Tango dancers, belly dancers, B-boys and B-girls, cheerleaders, and even children shared the stage at City College’s “Making It,” a collection of nearly two dozen dance pieces.
On the night of Saturday, April 28, the Wellness Center’s third-floor performance theatre held a small audience overshadowed by a cast of 85 dancers, representing a diversity of ethnicity, sexuality, and dance styles.
“Dancing will break the barriers of diversity,” Kristin Williams, City College dance instructor and choreographer for Strong Pulse, a dance collective of City College students.
Forty of the night’s performers were City College students, some of whom have received dance scholarships or have started their own dance groups and companies.
Leah Ferrer, a former member of Williams’ female-exclusive dance group, Strong Current, performed with the Bay Area Flash Mob. They presented their “Janet Medley,” a collection of dances inspired by Janet Jackson music videos, which earned them 20 tickets to Jackson’s performance in Oakland last year.
Duniya Dance and Drum Company contributed ethnic styles to the mix, with Bollywood-style and African dances influenced by hip-hop. Their performances were emblematic of how intertwined dissonant dance genres are in contemporary dance.
Rihanna, Drake, and Beyoncé songs dominated the eclectic ensemble of tracks, which even included a Johann Sebastian Bach piece.
Skorpio, a multi-disciplinary dancer choreographed by City College instructor Christy Funsch, performed “The Optimist.” At once Skorpio’s hands are frantically waving in front of his face and then he made baseball-batting gestures, then break danced on the floor. What could be seen as a clash between movement and music is seen as otherwise by Funsch.
“Skorpio is very movement-specific, and so is Bach’s music,” Funsch said, noting the similarities between their detail-driven performance.
Other dances were more story-driven.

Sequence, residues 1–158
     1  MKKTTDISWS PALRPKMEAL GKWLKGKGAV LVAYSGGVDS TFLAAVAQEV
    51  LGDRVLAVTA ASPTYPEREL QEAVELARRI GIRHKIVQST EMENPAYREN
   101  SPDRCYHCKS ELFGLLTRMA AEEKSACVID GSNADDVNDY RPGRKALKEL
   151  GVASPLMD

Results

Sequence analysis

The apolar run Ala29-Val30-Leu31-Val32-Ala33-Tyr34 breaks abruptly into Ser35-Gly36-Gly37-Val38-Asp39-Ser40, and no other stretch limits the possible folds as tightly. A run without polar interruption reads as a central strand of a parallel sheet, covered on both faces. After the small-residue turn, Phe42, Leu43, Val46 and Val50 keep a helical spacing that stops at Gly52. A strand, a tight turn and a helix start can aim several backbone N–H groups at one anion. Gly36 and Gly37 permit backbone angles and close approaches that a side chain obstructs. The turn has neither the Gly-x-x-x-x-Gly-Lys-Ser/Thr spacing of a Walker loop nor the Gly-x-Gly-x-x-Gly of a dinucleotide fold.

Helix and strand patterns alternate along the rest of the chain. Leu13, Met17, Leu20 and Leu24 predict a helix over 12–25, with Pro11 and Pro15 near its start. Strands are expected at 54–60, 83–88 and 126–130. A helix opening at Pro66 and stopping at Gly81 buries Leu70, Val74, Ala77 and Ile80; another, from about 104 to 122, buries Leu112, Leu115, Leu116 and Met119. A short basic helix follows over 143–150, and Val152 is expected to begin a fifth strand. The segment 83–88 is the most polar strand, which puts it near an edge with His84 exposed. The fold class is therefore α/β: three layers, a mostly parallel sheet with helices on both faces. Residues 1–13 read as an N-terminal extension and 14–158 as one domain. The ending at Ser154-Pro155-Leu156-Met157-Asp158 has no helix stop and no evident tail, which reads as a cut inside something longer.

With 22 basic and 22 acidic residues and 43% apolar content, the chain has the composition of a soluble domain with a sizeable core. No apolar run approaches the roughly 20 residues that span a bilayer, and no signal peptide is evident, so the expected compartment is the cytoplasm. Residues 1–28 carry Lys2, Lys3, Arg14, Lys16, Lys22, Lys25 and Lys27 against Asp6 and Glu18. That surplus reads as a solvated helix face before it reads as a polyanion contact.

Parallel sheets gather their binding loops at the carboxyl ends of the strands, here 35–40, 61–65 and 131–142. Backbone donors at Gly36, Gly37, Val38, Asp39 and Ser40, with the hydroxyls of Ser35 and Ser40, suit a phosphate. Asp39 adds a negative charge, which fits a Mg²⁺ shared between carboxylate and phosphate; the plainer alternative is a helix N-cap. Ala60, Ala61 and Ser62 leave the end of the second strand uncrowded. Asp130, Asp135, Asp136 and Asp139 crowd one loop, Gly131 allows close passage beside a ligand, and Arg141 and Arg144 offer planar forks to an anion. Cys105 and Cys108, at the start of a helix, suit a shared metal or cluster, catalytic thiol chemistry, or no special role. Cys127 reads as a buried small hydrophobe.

Kristin Rooney and Denaya Dailey’s performance to music by folk artist Iron & Wine conveyed two women at odds with each other, lifting each other and eventually dancing parallel to each other. Their movement was story-like, engaging the audience at their alternate falls, and invoking curiosity at their dance style that incorporates lying on their back as though sleeping, but sliding up and down the stage.
Tango dancer Patricia Gaunt’s butt was rubbed by John Gaunt in their tango piece, “Mr. and Ms. Smith.” John’s blocky movements made for an ungraceful companion to the exceptionally graceful Patricia, who paid close attention to her footwork in ballerina flats.
Syde Prajekt’s three male dancers showed their sass as they shamelessly lifted their shirts and licked their lips before ending on the lyric, “Don’t call me baby.”
Williams, who danced in most of her choreographies, was seen in tiny red shorts, a black bra under a loosely-knitted cropped top, and transparent-heeled two-inch platforms, dancing to the lyrics, “You can just spank me.”
A focal point during Strong Pulse’s performances were difficult to discern, as the large dance crew looked more like a dance party during the pop song “Party Rock Anthem” by LMFAO.
Performer Gino Thomas’ attitude made for a dominating effect during most performances, particularly during “Making It,” in which he and the other male performers
wore suits while engaging in a battle-like dance, employing a table upon which they danced.
His arm flinging during his solo was like that of an ambidextrous baseball pitcher, and he at one point was lifted by his female partner, defying conventional gender roles in dance.
“Sex doesn’t matter — you can lift anyone if you have the strength,” Thomas said.